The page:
Diamine oxidase (DAO) is an enzyme synthesized primarily in the gastrointestinal mucosal cells. Serum levels of DAO have been used as an indicator of the integrity and/or functional mass of the intestinal mucosa. The enzyme is also produced by the placenta and is elevated in newborn serum. Previous radiometric methods for DAO used tritiated putrescine or cadaverine as substrate. A simple and rapid spectrophotometric procedure for DAO with use of histamine as substrate was developed, and this assay was utilized to evaluate the developmental pattern of activity of DAO in umbilical cord blood of newborn full-term and premature infants, in sequential samples from premature infants, and in samples from infants with necrotizing enterocolitis. The spectrophotometric assay was linear to 200 U per L and was also precise with total imprecision (CV) of 11.9 percent and 3.7 percent at DAO activities of 25.6 U per l and 126.1 U per L, respectively. Triglycerides above 275 mg per dL caused a significant reduction in measured activity of DAO; however, this effect could be eliminated by use of ultracentrifugation to remove lipemia. Plasma samples with heparin or ethylenediamine tetraacetic acid (EDTA) as anticoagulant were unsuitable for analysis since DAO activity showed a 24 percent and 32 percent decrease in activity at concentrations of 20 U per mL (heparin) and two mg per mL (EDTA), respectively. Serum samples are the specimen of choice. In infants it was found that the serum activity declined to adult levels by day 12 of life and that this decline is not affected by necrotizing arterocolitis.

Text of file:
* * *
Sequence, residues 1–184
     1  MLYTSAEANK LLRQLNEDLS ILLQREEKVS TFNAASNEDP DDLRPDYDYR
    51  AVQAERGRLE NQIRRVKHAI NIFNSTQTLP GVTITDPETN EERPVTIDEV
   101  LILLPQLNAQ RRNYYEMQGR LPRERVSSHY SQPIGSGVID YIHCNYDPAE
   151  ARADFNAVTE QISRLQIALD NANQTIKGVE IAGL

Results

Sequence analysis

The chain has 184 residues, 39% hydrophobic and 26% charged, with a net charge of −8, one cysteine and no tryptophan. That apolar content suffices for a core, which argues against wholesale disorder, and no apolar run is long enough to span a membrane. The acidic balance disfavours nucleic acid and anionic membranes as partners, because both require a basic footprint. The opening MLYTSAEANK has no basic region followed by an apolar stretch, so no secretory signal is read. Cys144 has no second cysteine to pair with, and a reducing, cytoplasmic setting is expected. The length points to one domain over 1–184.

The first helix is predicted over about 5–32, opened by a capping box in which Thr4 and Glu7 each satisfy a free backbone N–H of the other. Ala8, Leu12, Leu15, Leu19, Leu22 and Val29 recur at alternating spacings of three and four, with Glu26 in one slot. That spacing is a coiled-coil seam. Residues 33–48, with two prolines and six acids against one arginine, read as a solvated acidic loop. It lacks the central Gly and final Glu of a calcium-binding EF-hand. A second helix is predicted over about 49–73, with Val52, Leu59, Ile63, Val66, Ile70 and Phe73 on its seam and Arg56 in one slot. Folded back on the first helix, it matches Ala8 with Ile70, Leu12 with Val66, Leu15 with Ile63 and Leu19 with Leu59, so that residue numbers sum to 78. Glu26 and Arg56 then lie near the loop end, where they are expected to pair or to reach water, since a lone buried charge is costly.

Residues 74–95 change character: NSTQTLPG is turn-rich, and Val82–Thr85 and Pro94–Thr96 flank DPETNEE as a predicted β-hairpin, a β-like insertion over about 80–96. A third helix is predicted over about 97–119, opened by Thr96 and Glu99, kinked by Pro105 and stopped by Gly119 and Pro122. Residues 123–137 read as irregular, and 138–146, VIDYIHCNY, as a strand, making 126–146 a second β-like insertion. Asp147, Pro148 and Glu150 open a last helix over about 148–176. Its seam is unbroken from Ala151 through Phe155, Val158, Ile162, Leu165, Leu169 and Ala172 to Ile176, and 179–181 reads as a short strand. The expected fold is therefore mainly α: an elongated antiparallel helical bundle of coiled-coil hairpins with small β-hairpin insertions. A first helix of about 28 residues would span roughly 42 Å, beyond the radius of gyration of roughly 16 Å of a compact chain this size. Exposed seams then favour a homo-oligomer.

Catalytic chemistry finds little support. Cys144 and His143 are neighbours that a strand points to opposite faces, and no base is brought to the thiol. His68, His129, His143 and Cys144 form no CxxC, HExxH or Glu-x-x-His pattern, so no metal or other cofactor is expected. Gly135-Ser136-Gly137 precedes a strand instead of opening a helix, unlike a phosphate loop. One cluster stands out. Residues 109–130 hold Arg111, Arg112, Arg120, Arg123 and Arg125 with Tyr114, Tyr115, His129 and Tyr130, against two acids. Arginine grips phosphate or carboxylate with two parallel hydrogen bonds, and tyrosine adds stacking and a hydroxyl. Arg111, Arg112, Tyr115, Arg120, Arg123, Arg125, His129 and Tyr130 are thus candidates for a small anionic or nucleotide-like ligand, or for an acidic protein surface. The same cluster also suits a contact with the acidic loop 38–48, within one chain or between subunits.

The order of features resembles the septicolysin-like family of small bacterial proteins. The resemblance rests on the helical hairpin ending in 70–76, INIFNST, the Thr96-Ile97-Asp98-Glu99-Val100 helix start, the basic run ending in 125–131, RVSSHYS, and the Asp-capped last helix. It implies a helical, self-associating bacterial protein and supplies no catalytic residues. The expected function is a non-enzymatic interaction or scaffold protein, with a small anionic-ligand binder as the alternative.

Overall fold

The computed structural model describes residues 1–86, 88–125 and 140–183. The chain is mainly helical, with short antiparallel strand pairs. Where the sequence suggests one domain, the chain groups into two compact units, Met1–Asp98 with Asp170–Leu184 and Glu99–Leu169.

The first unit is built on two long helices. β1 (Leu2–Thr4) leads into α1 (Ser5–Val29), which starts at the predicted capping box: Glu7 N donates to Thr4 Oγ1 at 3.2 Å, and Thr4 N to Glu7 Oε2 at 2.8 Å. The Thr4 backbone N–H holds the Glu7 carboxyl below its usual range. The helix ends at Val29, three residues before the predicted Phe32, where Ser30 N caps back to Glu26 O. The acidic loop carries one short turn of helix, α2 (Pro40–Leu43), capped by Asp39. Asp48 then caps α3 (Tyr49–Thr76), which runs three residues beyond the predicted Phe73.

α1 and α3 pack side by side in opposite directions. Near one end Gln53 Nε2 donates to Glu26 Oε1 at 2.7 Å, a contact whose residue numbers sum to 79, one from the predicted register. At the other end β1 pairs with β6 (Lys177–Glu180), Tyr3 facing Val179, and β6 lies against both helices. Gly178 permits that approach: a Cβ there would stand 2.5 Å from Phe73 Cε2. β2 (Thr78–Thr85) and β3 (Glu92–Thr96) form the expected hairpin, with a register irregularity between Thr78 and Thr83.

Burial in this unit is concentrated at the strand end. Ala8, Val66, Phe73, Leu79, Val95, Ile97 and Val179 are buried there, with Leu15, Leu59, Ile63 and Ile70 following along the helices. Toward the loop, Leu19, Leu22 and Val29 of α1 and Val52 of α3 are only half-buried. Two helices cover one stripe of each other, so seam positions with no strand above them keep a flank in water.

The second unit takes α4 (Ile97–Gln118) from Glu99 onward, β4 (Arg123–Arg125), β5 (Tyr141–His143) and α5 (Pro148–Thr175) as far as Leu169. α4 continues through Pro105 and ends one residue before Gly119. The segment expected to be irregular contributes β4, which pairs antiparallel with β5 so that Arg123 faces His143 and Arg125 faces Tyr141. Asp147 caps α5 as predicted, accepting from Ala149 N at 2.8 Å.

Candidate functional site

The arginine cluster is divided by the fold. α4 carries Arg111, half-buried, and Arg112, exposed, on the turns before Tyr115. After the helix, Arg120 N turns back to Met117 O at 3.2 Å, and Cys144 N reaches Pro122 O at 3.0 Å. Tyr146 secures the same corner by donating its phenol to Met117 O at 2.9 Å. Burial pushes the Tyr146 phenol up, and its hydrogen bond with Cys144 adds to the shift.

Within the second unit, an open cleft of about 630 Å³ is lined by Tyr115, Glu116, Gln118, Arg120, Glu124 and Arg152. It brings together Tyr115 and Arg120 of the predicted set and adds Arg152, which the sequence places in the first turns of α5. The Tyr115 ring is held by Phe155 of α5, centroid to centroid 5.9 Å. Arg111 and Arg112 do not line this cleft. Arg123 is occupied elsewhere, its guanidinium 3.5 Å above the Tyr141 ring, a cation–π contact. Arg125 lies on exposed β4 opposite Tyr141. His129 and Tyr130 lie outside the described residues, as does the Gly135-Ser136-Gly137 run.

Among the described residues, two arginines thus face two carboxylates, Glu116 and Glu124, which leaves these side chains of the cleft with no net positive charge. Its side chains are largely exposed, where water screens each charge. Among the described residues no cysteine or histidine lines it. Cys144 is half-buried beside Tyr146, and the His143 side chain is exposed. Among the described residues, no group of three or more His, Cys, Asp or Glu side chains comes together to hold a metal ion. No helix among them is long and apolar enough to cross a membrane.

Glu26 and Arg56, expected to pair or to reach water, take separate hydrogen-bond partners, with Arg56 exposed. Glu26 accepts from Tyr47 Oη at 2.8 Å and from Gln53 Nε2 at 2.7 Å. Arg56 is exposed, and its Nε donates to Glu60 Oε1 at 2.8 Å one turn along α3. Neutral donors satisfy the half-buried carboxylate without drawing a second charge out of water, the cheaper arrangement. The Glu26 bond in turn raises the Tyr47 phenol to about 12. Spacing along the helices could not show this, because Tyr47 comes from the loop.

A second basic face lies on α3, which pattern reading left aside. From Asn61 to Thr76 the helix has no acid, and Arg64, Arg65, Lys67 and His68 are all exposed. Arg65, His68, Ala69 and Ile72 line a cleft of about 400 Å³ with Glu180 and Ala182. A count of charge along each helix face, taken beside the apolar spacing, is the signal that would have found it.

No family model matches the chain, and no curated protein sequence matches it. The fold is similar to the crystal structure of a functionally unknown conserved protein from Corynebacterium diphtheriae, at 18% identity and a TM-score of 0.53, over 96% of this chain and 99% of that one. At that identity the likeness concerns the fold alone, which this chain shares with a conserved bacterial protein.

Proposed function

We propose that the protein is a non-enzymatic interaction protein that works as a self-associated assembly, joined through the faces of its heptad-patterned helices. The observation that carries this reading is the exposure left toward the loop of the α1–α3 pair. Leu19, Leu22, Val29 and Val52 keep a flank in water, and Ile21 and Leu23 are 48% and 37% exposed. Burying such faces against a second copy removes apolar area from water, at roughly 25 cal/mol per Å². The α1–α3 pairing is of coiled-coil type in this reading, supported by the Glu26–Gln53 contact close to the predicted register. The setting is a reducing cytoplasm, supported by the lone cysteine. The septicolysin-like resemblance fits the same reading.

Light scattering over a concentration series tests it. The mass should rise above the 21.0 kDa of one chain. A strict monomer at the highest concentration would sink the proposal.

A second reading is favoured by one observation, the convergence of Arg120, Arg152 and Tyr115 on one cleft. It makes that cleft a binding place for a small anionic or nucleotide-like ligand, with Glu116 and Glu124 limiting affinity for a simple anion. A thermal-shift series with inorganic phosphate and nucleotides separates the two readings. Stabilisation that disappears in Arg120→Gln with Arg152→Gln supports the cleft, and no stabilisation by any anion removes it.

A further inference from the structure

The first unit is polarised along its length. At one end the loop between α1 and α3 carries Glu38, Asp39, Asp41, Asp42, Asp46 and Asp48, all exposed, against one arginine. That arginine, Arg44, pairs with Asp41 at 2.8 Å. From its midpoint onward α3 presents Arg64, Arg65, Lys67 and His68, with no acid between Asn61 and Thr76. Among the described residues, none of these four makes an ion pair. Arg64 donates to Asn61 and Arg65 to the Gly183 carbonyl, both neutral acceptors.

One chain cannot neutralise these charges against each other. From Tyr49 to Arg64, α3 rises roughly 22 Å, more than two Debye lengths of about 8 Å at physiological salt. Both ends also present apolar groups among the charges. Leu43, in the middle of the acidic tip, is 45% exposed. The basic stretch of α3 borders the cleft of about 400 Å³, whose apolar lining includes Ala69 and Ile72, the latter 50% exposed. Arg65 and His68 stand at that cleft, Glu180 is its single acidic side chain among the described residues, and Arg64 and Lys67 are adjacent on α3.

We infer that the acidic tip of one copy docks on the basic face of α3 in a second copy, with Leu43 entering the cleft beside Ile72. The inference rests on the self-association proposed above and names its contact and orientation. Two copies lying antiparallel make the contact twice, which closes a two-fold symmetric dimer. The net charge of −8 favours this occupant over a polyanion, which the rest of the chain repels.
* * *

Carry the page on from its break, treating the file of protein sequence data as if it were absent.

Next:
|Original language||English (US)|
|Number of pages||7|
|Journal||Annals of Clinical and Laboratory Science|
|Publication status||Published - 1992|
ASJC Scopus subject areas
- Biochemistry, Genetics and Molecular Biology(all)
- Clinical Biochemistry